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Title Chemical keys to an understanding of life processes
Subject Biochemistry ; Nucleic acids; Proteins
Description Twenty Second Annual Frederick William Reynolds Lecture.
Creator Smith, Emil L., 1911-
Publisher Extension Division, University of Utah
Date 1958-01-13
Date Digital 2008-05-29
Type Text
Format image/jpeg
Digitization Specifications Original scanned on Epson Expression 10000XL flatbed scanner and saved as 400 ppi uncompressed tiff. Display images generated in PhotoshopCS and uploaded into CONTENTdm Aquisition Station.
Resource Identifier,564
Source LD5526.U8 n.s. v.49 no.11
Language eng
Relation Digital reproduction of "Chemical keys to an understanding of life processes," J. Willard Marriott Library Special Collections
Rights Digital Image Copyright University of Utah
Metadata Cataloger Seungkeol Choe; Ken Rockwell
ARK ark:/87278/s6c8277g
Setname uu_fwrl
Date Created 2008-07-29
Date Modified 2008-07-31
ID 319868
Reference URL

Page Metadata

Title Page13
Description CHEMICAL KEYS TO AN UNDERSTANDING OF LIFE PROCESSES 13 The schematic diagram of insulin structure is shown in Figure 1. The letters represent abbreviations for each of the amino acid residues present in insulin. We need not be concerned here with the details, but we should note that some amino acids may occur only once, others may occur at different positions more than once. What is important is that in a given species of insulin, in this case the one from the cow, the arrangement of the amino acids and hence of the constituent atoms is as definite as in the case of a molecule of water or sucrose. Insulins of other species differ from bovine insulin insofar as a few of the amino acid residues have been replaced by others but the main structure is the same. Thus species differences are reflected in the structure of individual proteins. All mammalian insulins are much alike and have the same functional activity in mammals. It is certainly fortunate that this is so, because bovine and porcine insulins are used therapeutically in the treatment of human diabetes. When there are large differences among individual proteins from different species, we cannot with impunity transfer such proteins from one species into another. As you all know, blood transfusion into humans is restricted to use of human blood and indeed to blood of a particular type. However, if the cellular elements are removed from the blood, the remaining human plasma can be used for transfusion without typing, but we still cannot use the plasma of other species. Thus there is a considerable degree of what is called species specificity and this is due to the fact that the proteins of a given species have a distinctive structure. Other examples of this will be mentioned later. To return to the problem of the proteins which possess catalytic activity, each enzyme is specific in its catalytic function and hence must be specific in its structure. As yet, we do not know the complete structure for any enzyme, but it will be only a relatively short time before we do, since a number of laboratories, including our own, are actively at work in this field. One enzyme whose structure has been almost completely elucidated is ribonuclease (Fig. 2). Its particular function is of no immediate concern. What is significant is that the arrangement of the constituent amino acids is very precise and that the structure differs greatly from that of insulin, or indeed, from any other protein which has been studied. What is it about the amino acid sequence and the structure of the protein that determines its enzymic specificity and activity ? We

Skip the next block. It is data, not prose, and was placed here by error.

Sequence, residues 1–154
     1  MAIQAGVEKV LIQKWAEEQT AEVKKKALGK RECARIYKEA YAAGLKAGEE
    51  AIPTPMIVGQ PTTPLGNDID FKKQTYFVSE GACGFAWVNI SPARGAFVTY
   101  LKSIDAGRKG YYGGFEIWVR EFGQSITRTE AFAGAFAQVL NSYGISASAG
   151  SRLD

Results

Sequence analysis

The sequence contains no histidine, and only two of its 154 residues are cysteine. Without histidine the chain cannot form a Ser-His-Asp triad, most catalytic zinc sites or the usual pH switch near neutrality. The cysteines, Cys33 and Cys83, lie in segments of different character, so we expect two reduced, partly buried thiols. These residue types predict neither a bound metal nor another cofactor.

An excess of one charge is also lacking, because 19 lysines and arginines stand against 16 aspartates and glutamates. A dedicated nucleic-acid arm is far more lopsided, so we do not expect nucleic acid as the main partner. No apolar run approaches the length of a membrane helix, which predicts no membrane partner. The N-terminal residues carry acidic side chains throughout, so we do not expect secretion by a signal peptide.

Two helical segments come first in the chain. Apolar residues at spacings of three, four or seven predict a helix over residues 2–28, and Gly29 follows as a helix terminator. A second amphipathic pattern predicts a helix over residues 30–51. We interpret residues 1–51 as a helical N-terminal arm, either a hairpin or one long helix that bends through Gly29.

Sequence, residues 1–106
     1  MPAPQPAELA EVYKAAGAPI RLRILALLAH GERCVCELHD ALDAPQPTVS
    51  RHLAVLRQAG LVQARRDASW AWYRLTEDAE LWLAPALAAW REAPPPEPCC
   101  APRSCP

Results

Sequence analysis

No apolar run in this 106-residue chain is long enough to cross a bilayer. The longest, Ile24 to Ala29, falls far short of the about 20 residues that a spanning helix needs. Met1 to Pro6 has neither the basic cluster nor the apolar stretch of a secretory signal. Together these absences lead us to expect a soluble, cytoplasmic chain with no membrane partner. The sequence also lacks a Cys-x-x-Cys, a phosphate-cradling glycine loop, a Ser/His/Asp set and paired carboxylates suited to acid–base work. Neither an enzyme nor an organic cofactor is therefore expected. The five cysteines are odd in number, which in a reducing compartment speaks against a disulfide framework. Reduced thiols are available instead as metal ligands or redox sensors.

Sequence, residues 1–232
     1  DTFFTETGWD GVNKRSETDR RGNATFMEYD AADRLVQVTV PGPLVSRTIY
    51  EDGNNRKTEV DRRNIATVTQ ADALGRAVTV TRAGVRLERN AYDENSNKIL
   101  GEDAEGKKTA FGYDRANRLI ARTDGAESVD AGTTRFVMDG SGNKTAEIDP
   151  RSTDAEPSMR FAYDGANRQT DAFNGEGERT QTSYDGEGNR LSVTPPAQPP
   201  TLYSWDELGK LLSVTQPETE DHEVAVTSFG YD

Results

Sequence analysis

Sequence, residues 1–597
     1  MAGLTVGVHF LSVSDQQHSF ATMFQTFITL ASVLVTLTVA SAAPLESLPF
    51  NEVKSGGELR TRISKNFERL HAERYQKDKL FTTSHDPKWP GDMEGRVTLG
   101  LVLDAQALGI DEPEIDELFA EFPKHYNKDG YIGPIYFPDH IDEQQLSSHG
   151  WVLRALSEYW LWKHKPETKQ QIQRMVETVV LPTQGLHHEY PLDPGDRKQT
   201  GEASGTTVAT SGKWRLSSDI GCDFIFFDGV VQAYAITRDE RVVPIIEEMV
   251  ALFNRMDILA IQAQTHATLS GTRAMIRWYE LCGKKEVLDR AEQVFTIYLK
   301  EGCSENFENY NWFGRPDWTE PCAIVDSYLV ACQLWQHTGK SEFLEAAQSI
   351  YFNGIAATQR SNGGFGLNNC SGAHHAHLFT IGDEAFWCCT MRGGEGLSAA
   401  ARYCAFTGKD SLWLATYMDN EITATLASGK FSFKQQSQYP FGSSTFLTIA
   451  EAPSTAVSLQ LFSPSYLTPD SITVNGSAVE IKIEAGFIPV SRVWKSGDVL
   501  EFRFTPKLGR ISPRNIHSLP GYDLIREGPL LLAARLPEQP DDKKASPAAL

Format image/jpeg
Identifier 018-RNLT-SmithE_Page13.jpg
Source Original Manuscript: Chemical keys to an understanding of life processes by Emil L. Smith.
Setname uu_fwrl
Date Created 2008-07-29
Date Modified 2008-07-29
ID 319854
Reference URL